The Importance of Taking a Pause: Lessons From a Year-Long Sabbatical

It’s good to reconnect! As you may remember, I took a year-long sabbatical in 2019 from work. It was an amazing gift and I am truly so very grateful for it. People have asked how I spent my time, and I thought I’d share a bit about my experience.  While the time could have unfolded in many ways, for me and my style, I thought a lot about how I would know if I used this time well.  I created an intention “to feast on the wonder and love in life”. From here I identified several areas of focus that included:

1. Slow down and reset to be more present rather than reactive

2. Cultivate a daily personal relationship with spirit

3. Deepen important relationships

4. Feed my strength of curiosity and interest in the world

5. Reflect on the past, assess the present, and plan for future.

As someone who prefers structure, from here I reviewed my sabbatical list of things I could do (see the reflection exercise) and starting prioritizing actions in my calendar while trying to be careful of being no more than 80 percent full, and holding a balance of planning and space for spontaneity.  I had a daily journaling practice and a weekly sabbatical check-in with myself to help keep my priorities in focus. I’m now on the other end of it, and entering the new phase of transition and integration. How do I process and carry forward the important learning I received to inform my life going forward?

Personal Lessons From a Year-long Sabbatical

Taking a break is important, and I get that not everyone can take significant time off from work. But with the belief we can learn through others- I thought I’d share some reflections. To try to keep it brief, I’m just bulleting out some major thoughts, each which has a whole story behind it. Perhaps something will spark you to reflect on what a pause of some sort might offer you.

1.I shaved my head bald. (It was something I have always been curious to do- and a bit afraid). I felt strong, vulnerable, and curious about the positive reaction I had from so many people (especially women)

2. I was often told I looked younger- I attribute this to lower stress levels. This got me thinking about what would we all be like with less stress in our lives?

3. Even though I had no work challenges to deal with, my mind still got hooked by stuff, which made me realize the nature of the mind is to be a meaning-making machine. Keep with meditation.

4. I’m a “doer,” and I’m inclined toward filling the calendar regardless of what I have to do, so I need to be mindful that “just because I can, doesn’t mean I should”.

5. De-cluttering my physical environment created calm and space for new to come in. I love opening my drawers and seeing organized shirts.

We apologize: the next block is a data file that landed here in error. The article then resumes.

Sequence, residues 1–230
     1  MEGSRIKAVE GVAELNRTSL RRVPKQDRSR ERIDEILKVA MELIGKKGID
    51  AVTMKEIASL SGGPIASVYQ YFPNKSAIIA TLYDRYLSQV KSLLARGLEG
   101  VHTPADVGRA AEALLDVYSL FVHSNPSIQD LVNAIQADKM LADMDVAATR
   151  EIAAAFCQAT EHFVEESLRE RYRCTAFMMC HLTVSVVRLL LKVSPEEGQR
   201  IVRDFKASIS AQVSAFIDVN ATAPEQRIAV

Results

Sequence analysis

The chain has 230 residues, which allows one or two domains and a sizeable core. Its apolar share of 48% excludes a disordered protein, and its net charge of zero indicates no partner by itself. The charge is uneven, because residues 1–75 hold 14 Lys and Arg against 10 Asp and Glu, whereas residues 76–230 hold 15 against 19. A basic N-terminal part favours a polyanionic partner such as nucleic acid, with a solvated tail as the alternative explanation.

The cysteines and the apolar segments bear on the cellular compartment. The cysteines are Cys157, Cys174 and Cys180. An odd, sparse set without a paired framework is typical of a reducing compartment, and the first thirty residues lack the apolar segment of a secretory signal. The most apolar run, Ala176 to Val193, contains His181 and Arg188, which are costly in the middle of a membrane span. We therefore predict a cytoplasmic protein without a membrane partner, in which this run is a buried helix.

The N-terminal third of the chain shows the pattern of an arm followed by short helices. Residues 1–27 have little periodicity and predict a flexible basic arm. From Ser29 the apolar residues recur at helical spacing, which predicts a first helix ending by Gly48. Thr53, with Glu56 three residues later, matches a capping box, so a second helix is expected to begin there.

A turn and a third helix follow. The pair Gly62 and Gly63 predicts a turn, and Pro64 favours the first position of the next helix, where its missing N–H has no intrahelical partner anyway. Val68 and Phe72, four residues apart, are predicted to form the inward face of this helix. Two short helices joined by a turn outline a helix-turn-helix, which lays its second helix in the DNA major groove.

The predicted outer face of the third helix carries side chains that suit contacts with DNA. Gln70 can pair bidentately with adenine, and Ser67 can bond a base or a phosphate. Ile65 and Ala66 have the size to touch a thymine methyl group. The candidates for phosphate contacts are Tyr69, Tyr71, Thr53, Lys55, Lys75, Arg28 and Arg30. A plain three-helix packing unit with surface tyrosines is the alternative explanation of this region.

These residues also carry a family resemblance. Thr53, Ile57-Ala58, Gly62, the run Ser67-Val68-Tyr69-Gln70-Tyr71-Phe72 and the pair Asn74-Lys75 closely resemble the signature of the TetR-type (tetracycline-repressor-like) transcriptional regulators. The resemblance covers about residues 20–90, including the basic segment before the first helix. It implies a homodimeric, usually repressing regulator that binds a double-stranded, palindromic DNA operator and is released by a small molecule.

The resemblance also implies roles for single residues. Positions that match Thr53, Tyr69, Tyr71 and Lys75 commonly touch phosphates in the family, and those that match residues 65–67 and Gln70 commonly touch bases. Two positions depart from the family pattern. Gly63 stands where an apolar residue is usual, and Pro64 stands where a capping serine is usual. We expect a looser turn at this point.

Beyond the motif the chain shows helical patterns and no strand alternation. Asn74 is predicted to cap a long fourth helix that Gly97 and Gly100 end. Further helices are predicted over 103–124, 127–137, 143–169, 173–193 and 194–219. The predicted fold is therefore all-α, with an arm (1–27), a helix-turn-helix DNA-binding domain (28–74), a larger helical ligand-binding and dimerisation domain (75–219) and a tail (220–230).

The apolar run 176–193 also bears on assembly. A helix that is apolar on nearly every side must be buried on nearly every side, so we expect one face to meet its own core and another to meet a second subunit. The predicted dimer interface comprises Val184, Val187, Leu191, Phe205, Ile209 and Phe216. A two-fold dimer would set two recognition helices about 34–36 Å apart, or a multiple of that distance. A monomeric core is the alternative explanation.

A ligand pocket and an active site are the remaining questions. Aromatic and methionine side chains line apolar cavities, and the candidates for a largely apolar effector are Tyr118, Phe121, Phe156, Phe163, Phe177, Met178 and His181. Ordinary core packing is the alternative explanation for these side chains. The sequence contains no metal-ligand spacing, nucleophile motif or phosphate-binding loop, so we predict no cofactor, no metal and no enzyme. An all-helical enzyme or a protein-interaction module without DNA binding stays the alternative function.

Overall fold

6. As an extrovert, while I was initially nervous to spend so much of my day alone, I learned to really cherish the quiet. A five-day solo backpacking trip on the Long Trail was a highlight.

7. It was actually a gift to have a finite amount of time- it helped me sort what was important to attend to now versus in the future. There is more in life than I will ever experience, and checking in with my head, heart and gut was essential to my discernment of how to spend my time.

8. Relationships take time- and if my head is filled with too much stuff it’s harder for me to be present. The next challenge for me is how to maintain presence when the workload increases.

9. I am joyful in my body and love to move. I’m in the best shape I’ve been in since my gymnastics days and was thrilled to experience my body’s strength and ability with training. (One of my goals was to ride 100 miles in a day which Jon and I completed in September in NYC.)

10. When I am quiet there is more space to connect with spirit. Having a life grounded in spirit is essential to me. Sharing this about me with others is vulnerable and authentic.

11. It is rare to have quality time with each of my daughters separately, and so planning a trip to travel individually with each of them helped us relate in new ways, and created amazing memories to look back on.

12. Novelty is energizing to me and helps me feel alive. I gave the gift of a “novel date night” to Jon once a month- and it was fun to get out of our regular routine. I had the space to follow my nose a bit in topics that I became interested in (for example: learning some Spanish before traveling, trauma and epigenetics, how to keep backpacking food bear-proof).

13. Thinking about my own death is also a way to feel alive and present to the wonder of life. I wrote down my wishes for my funeral, and wrote letters to Jon and my daughters in the event I should die unexpectedly with no time for goodbyes.

What would you be curious to learn about yourself in a pause?  

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